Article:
Parenting expert Kathryn Mewes, answers one reader’s question about her baby who won’t sleep in her own room
Q.) I am struggling to get my eight and a half month old daughter to sleep in her own room. When she was in our room, her cot was next to my bed and if she was fussing or upset I would put my hand on her cheek or she would hold my finger (sometimes all night). Now she wakes up, up to 10 times a night putting her arms out to be picked up and won’t settle with any of the old ways. I’m going back to work soon and I really need sleep, please help.
Firstly, I want you to know that you are not alone. The situation you are in is probably the most common struggle I hear about.
We tend to do ‘anything’ for our children but there are certain things that are not sustainable and deprivation of sleep is one of them.
Children tend to fall to sleep at night and will sleep solidly for the first four hours. After this point they come into a light sleep and wake six times a night. It occurs every 90 minutes.
So a child falling to sleep at 7pm will sleep soundly until 11pm and then wake at: 11pm, 12.30, 2am, 3.30am, 5am and 6.30am. The fact is simple. The way in which you settle your child to sleep at the beginning of the night will be expected up to six times a night when they wake.
You are in a situation where it is happening more than this. You and your daughter must be simply exhausted. Now, I must be honest with you, there is no simple and easy way to teach a child to self-settle to sleep other than to let them do this on their own.
This means that you are going to hear your child shout for a period of time before they learn to settle to sleep on their own. First ensure that your child’s bedroom is very dark, pitch black if possible. Light is a stimulant and the more they can see around them the longer it will take them to relax and fall to sleep.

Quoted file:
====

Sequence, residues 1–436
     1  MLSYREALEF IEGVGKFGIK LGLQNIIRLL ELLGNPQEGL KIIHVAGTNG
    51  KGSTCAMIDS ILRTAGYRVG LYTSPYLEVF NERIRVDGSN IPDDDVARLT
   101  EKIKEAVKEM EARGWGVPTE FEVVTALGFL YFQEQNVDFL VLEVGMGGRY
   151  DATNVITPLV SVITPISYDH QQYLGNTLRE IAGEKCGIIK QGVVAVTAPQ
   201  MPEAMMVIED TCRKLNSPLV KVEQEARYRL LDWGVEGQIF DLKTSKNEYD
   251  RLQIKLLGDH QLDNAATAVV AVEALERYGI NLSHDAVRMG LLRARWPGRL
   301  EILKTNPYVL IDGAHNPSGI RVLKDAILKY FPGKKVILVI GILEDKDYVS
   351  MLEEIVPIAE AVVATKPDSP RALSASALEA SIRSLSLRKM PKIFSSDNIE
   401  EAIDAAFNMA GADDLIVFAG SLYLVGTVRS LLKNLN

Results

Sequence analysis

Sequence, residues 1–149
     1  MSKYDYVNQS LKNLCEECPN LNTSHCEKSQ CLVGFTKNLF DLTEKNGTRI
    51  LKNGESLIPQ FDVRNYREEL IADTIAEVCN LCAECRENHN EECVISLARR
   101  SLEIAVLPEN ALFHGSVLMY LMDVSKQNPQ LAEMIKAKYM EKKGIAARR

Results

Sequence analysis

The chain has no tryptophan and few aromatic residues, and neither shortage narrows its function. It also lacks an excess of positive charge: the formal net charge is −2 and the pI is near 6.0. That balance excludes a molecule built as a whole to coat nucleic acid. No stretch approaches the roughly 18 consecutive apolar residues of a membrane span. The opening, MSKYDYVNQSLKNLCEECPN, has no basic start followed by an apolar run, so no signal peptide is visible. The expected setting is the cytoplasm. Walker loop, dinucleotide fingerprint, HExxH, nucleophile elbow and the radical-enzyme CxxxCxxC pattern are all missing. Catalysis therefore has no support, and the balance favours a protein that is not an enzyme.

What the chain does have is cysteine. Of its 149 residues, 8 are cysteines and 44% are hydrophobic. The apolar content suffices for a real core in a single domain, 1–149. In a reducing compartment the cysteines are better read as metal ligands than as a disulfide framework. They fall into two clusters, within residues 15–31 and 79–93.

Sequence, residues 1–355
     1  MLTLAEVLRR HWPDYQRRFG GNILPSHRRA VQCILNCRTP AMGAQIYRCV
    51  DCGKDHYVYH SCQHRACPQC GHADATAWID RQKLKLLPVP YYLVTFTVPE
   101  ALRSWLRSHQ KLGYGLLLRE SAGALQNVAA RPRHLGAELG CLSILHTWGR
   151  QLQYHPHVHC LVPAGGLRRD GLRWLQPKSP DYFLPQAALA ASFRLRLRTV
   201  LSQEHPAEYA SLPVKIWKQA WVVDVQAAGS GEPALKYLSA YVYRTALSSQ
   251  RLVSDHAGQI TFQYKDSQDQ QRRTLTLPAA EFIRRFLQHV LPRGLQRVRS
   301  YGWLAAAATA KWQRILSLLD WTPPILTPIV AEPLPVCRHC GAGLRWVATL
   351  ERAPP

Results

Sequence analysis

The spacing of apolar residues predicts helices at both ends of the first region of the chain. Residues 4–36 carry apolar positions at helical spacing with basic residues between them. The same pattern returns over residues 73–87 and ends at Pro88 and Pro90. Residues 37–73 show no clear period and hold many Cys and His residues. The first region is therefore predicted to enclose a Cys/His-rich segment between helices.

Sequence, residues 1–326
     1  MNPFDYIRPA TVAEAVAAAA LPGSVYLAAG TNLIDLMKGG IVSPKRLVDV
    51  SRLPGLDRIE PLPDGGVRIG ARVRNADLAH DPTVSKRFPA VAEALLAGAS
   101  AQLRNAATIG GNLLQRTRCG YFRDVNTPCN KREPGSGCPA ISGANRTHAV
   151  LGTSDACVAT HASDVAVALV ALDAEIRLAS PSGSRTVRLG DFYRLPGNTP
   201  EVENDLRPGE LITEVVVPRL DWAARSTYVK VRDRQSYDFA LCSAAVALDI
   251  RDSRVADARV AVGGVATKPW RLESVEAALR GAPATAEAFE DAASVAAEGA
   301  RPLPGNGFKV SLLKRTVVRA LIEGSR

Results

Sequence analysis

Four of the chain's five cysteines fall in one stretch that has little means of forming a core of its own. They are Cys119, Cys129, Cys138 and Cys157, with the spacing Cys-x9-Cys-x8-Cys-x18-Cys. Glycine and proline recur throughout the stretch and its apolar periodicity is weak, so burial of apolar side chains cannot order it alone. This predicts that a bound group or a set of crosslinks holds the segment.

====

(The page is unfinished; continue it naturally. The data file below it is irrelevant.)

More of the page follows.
Looking for the window of tiredness from when your daughter has her dinner to leaving her room at night needs to be 90 minutes. So if dinner is at 5pm you need to have bathed, given milk and read stories by 6.30/7pm.
This is known as ‘the window of tiredness’. If you miss it you will notice your daughter ‘getting her second wind’. You then need to wait a further 90 minutes until she is tired again. This would mean bedtime became 8.30pm.
Work on a child’s day being 12 hours and the night being the same. Secondly you need a clear bedtime routine involving dinner, bath, bottle/breast then books followed by a song in the dark and then into bed.
From stories to leaving the room should take no longer than 10 minutes at this age. The longer you stay, the harder it is to leave – for you both. When you leave, close the door. Your daughter will shout. Now listen for the pauses in noise. Try not to focus on the sound.
Step away from her bedroom door. Distance yourself from the shout. Make yourself busy to try and distract yourself. The pauses will initially be very short but they will become longer and eventually your daughter will fall to sleep on her own – hooray!
Through the night your daughter is likely to wake again. Please have the confidence to leave her to self-settle.
If you can leave her to re settle through the night, you will find the second night is better and by the third night she will be sleeping through the night.
The key is to remember that by going into her bedroom, you are ‘interfering’ with her trying to sleep. You will not be helping. If she sees you, she will expect something and there isn’t anything you can give her other than the space and time she needs.
NOTE: Only make this change when YOU are ready and your daughter is in 100% good health.
This is a hard change to make and you need to feel supported by someone, whether this be your husband / partner or a friend you need someone reassuring you that this is the right thing to do.
I wish you lots of luck. It is an emotional rollercoaster for you but it is well worth it!
Parenting expert Kathryn Mewes is brought to Baby London in conjunction with Milton. Well known as C4’s Three Day Nanny, Kathryn’s expertise covers sleep problems, eating and weaning, behavior and discipline. I hope this helps!
bespokenanny.com | facebook.com/MiltonBaby